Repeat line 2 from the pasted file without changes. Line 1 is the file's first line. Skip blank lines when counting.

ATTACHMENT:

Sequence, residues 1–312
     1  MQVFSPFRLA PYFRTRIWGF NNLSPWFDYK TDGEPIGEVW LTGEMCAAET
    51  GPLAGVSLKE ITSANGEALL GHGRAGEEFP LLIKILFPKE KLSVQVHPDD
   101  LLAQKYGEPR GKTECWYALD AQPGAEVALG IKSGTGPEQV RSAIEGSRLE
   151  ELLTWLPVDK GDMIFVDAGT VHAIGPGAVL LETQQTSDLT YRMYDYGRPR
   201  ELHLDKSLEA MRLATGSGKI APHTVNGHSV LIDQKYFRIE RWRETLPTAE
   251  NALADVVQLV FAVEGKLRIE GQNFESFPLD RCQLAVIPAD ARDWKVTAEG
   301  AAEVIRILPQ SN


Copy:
     1  MQVFSPFRLA PYFRTRIWGF NNLSPWFDYK TDGEPIGEVW LTGEMCAAET